by Marguerite De Angelo
This was a very readable book about a young boy named Robin who was the son of a nobleman. His father was off at war and Robin, at the ripe old age of 10, was to be sent to a knight to learn to become a knight. Since Robin’s father was gone and her son would be off learning knight stuff, his mother answered a call to serve the queen. However, there was a gap from when she left for the queen’s service and when Robin was to leave, so she left the servants to take care of him. Unfortunately, Robin fell very ill, and so did the servants. They died and did not return. Robin lost the use of his legs and was, luckily, happened upon by a monk who took him back to his monastery to take care of him with all the plague victims in the area.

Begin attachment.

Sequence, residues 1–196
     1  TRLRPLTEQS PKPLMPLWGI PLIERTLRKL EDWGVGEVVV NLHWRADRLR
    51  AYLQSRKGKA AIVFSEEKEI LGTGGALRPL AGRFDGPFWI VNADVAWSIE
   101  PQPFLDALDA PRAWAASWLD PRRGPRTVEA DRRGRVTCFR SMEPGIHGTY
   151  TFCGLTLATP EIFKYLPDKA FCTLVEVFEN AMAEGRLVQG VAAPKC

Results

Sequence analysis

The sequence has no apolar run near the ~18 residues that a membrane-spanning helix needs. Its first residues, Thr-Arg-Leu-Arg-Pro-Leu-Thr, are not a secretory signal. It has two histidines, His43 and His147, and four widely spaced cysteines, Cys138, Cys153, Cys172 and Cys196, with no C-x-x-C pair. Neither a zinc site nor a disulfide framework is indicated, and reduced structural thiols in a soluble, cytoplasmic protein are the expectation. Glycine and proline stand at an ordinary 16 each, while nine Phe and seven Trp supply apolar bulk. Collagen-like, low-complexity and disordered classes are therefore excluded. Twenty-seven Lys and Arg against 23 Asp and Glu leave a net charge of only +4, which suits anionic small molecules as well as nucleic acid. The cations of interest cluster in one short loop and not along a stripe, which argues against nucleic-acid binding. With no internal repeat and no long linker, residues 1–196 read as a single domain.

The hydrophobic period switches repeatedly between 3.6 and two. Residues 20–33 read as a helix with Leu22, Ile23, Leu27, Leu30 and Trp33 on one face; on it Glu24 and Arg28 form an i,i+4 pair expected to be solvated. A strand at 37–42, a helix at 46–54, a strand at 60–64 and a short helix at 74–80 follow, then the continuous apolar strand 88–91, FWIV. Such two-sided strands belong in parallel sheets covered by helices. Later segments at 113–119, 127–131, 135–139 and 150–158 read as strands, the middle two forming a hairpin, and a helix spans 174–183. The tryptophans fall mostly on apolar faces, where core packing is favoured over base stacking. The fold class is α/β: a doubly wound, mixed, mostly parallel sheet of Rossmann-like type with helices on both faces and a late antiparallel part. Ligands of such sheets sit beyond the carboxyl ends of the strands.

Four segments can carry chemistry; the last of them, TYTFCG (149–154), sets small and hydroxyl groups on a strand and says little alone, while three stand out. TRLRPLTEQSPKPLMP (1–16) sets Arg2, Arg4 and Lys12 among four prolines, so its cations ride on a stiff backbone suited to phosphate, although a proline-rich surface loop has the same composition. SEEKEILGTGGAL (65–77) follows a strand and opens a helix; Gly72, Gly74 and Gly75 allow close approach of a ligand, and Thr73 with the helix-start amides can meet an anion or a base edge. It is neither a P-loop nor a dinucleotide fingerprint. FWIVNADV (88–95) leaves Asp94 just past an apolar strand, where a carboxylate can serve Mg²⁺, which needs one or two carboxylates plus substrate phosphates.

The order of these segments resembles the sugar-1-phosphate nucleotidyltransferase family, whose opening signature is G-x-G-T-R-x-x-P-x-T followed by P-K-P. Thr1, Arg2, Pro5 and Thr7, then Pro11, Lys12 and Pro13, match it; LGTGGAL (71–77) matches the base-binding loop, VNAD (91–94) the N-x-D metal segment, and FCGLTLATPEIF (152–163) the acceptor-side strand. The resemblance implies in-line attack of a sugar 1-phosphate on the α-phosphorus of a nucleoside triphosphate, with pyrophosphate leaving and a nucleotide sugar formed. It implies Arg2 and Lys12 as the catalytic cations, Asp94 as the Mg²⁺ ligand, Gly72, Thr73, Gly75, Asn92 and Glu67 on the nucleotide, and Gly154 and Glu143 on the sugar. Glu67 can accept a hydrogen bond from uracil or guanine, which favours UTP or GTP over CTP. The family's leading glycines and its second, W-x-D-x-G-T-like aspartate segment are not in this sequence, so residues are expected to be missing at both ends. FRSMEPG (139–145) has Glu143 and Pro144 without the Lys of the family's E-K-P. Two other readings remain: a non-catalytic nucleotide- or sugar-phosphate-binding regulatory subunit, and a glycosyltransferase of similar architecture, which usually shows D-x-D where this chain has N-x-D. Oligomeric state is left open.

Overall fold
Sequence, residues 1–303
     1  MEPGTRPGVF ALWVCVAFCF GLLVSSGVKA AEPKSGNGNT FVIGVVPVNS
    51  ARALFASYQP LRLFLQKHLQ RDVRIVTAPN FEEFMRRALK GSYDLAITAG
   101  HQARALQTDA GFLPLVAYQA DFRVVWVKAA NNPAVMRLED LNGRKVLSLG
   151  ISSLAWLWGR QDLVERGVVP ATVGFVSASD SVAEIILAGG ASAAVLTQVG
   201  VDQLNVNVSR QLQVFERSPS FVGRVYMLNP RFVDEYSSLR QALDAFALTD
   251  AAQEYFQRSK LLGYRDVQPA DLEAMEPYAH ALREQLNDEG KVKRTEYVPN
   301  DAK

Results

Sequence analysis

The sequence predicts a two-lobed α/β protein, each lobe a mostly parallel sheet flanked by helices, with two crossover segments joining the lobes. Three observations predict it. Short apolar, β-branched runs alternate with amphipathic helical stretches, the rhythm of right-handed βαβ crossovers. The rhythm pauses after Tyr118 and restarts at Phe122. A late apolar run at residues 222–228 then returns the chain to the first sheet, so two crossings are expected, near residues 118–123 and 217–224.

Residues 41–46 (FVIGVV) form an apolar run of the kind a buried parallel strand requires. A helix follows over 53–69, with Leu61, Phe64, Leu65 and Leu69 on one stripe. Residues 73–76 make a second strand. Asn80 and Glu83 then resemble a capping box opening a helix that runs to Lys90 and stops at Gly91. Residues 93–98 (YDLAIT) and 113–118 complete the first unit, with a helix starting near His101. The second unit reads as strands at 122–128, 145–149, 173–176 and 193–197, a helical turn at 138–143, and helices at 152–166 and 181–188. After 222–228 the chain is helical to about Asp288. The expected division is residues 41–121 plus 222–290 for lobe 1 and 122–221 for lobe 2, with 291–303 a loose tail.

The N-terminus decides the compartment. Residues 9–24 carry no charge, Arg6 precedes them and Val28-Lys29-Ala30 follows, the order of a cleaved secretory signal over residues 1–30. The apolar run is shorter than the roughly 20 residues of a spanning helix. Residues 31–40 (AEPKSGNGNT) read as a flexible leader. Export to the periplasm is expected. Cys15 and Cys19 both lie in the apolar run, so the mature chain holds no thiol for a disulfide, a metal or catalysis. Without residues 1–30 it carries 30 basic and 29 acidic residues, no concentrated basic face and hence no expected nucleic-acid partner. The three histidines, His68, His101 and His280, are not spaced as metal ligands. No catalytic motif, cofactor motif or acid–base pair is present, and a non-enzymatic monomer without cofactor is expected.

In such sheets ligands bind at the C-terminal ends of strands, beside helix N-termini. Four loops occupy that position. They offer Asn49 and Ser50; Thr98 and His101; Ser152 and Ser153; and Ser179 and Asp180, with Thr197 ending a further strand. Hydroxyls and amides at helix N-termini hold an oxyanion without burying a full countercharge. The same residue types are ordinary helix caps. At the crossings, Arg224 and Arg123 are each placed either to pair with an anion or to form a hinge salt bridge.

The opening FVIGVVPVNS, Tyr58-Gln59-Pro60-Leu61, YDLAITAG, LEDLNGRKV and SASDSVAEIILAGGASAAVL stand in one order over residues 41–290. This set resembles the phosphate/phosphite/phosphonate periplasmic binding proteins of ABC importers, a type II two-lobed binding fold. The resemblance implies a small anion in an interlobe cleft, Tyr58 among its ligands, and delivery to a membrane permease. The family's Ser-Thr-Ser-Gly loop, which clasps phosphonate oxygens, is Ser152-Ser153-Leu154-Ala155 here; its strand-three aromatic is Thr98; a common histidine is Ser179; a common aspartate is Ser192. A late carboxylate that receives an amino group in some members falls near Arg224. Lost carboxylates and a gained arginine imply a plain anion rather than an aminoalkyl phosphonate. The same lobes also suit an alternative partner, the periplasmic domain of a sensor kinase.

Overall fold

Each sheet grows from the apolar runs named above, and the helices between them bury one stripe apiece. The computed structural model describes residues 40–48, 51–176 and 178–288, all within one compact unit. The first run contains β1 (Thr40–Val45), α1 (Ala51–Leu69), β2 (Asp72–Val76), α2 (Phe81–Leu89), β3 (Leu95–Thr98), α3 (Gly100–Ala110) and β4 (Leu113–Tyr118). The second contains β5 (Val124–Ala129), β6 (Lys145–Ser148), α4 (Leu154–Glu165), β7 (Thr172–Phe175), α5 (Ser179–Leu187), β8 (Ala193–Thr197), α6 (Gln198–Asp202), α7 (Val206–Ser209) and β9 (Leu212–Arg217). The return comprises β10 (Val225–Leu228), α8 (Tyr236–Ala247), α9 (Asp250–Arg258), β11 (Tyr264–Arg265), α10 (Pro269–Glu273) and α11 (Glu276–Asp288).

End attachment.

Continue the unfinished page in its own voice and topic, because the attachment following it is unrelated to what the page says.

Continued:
Once the plague abated, the monastery cleared out and Brother Luke was able to focus more on Robin who was better, but without the use of his legs. He started teaching him to read and write, to whittle and, as physical therapy, to swim. Robin grew in strength and eventually managed to get around using crutches. He also grew in wood working skill and made his own harp.
The knight who was supposed to teach Robin all about knighting eventually found out what happened to him and invited him to his castle with Brother Luke and a minstrel named John-go-in-the-Wynd. Robin and his two caretakers go on a long journey to get there with much adventure. Once there, the castle falls under siege and, despite his handicap, Robin is able to help.
This book was excellent. The story was entertaining, we learned a lot about life in that time period and the characters were very lovable. My son said, “It wasn’t that bad.” High praise from my anti-reader! This book was excellent and I’d definitely recommend it.